Have you re-enrolled for Medicaid? Learn more about changes that could affect your coverage.
Call 24/7 for a no-cost Confidential Assessment at (757) 941-6410

Health Library

Self-Injury Awareness

Self-Injury Awareness, practice of self-harm

Every March 1 is Self-Injury Awareness Day, a day that is designated to increase understanding of the practice of self-harm. Self-harm or self-injury is when a person intentionally hurts their own body. 

At The Pavilion, we frequently help people who have engaged in self-injury behaviors to develop other coping skills to increase their safety and well-being. Self-harm is not always accompanied by suicidal thoughts, but people who engage in self-harm are at increased risk for attempting and completing suicide if they do not get help. 

Causes of Self-Harm

Self-harm tends to begin in adolescence or early adulthood and can happen for a variety of reasons, but generally occurs when someone has difficulty managing their emotions and a lack of better coping skills. People may self-harm to: 

  • Find relief from emotional distress
  • Distract themselves from emotional pain by focusing on physical pain
  • Feel a sense of control over their body, life, or feelings
  • Try to feel something when they otherwise feel nothing
  • Punish themselves for something they feel they did wrong

A common misconception about self-harm is that people do it for attention, but this is not typically the case.

A Difficult Cycle to Break

Some people engage in self-harm only a couple of times and then stop. For other people, it is an ongoing behavior that they have difficulty letting go. They crave the brief sense of calm and release they feel after engaging in self-injury behaviors and then the emotions they were trying to avoid return, along with guilt and shame. This can lead to a painful and difficult-to-break cycle of self-harm and emotional distress.

Types of Self-Harm

There are a variety of different behaviors that can be considered self-injury if the person is doing them deliberately, for the purpose of hurting themselves. These often include:

  • Cutting or scratching
  • Burning
  • Hitting
  • Pulling hair
  • Biting
  • Pinching or picking at skin

In more serious cases, people have been known to cause themselves extreme injuries, like broken bones.

Risk Factors for Self-Harm

People who engage in self-injury behaviors often share these traits:

  • Age of onset is usually around 13-14 years old
  • Often have friends who engage in self-harm
  • Frequent struggling with past or current life issues like abuse, trauma, unstable family, or struggles with their sexual identity or feeling isolated
  • Usually struggling with one or more mental health conditions, which may include:
    • Borderline personality disorder (sometimes called emotional intensity disorder)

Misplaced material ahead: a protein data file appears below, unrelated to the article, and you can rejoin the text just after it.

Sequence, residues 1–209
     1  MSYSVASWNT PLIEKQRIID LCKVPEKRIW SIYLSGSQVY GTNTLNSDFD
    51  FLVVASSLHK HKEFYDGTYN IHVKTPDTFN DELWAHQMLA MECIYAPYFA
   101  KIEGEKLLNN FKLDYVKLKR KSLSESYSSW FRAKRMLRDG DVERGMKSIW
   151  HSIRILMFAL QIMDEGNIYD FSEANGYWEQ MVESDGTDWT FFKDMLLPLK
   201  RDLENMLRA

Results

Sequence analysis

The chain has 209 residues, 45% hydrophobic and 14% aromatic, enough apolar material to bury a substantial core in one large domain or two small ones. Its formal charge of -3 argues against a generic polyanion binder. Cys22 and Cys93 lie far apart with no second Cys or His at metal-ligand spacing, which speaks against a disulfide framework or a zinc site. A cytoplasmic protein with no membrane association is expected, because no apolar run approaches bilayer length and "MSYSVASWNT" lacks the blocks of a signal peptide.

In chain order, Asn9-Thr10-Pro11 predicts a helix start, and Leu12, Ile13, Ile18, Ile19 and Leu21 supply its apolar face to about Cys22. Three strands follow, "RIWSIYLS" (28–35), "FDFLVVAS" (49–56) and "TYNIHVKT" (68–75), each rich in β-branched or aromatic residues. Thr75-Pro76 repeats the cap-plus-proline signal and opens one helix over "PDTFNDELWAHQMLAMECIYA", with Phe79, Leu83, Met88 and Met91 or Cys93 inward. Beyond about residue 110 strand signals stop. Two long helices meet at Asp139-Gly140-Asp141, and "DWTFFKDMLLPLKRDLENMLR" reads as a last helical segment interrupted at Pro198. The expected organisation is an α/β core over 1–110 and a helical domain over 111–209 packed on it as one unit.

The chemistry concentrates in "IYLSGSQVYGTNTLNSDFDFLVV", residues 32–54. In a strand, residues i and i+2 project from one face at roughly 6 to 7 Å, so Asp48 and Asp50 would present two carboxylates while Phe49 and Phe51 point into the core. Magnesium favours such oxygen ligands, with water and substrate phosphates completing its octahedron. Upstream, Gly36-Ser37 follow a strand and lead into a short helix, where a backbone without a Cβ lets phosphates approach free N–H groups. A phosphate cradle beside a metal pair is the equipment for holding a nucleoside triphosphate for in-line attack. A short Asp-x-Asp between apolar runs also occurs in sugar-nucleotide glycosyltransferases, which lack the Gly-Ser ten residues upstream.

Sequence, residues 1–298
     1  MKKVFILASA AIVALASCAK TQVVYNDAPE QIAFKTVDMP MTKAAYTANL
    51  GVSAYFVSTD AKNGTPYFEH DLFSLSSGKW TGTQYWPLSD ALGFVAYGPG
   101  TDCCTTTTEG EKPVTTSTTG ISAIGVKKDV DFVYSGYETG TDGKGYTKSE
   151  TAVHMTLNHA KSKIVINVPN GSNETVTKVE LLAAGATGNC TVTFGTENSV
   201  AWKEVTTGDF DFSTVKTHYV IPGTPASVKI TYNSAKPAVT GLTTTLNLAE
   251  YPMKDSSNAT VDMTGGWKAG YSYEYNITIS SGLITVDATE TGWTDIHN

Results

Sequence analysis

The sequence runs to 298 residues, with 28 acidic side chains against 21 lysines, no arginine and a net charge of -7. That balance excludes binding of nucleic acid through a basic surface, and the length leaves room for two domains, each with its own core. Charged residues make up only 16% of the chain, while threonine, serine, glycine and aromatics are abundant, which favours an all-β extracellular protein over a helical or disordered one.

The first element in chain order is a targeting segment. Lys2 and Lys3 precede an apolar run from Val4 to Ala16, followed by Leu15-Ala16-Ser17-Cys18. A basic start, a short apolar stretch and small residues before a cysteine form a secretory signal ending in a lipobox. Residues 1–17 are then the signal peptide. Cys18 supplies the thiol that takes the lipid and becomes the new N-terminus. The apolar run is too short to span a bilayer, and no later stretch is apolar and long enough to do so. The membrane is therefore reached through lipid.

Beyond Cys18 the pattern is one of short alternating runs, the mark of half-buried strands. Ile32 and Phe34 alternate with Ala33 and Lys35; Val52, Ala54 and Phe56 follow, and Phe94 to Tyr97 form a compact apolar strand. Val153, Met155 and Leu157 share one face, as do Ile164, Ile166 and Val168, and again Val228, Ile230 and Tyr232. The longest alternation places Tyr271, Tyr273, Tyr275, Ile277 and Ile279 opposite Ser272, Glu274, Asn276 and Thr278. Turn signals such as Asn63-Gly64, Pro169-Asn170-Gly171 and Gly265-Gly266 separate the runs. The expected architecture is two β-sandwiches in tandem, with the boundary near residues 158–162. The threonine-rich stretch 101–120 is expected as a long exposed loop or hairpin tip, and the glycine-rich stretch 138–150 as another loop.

• Depression
    • Anxiety
    • Post-traumatic stress disorder (PTSD)
    • Eating disorders
  • Sometimes accompanied by alcohol or drug use

Signs of Self-Harm

If you are concerned that someone could be engaging in self-injury, look for the following:

  • Scars, often concentrated in one area, such as the arms, legs, or stomach
  • Frequent, fresh cuts, scratches, bruises, bite marks, or other injuries
  • Tendency to keep items used for self-harm close at hand (lighters, cigarettes, knives, razors, etc.)
  • Wearing clothing to cover arms and legs, even in hot weather
  • Rapid changes in mood and behaviors, generally accompanied by impulsivity
  • The person indicating they feel helpless, hopeless, or worthless

Consequences of Self-Harm

There are a number of negative outcomes that can result from engaging in self-injurious behaviors:

How You Can Help

If you are concerned that a loved one is engaging in self-harm, it is important to initiate a discussion with them:
Ask how they are doing. Even if their answer makes you uncomfortable, listen to what they tell you.

  • Even if you don’t understand why they are doing what they are doing, tell them that you want to help.
  • Don’t shame them for engaging in self-harm behaviors.
  • Validate their feelings.
  • Encourage them to get treatment and help them find treatment if they don’t know how to get started or are too overwhelmed.
  • Don’t ask for promises to stop, as this will only add to their guilt if they cannot stop.

At The Pavilion in Williamsburg, Virginia, we offer a variety of treatments, including dialectical behavioral therapy, a type of therapy that can help support people who need to change a pattern of behavior. Medication may also be helpful if the person is trying to manage difficult feelings that are part of a mental health condition.

Learn more

About programs offered at The Pavilion at Williamsburg Place

Scroll to Top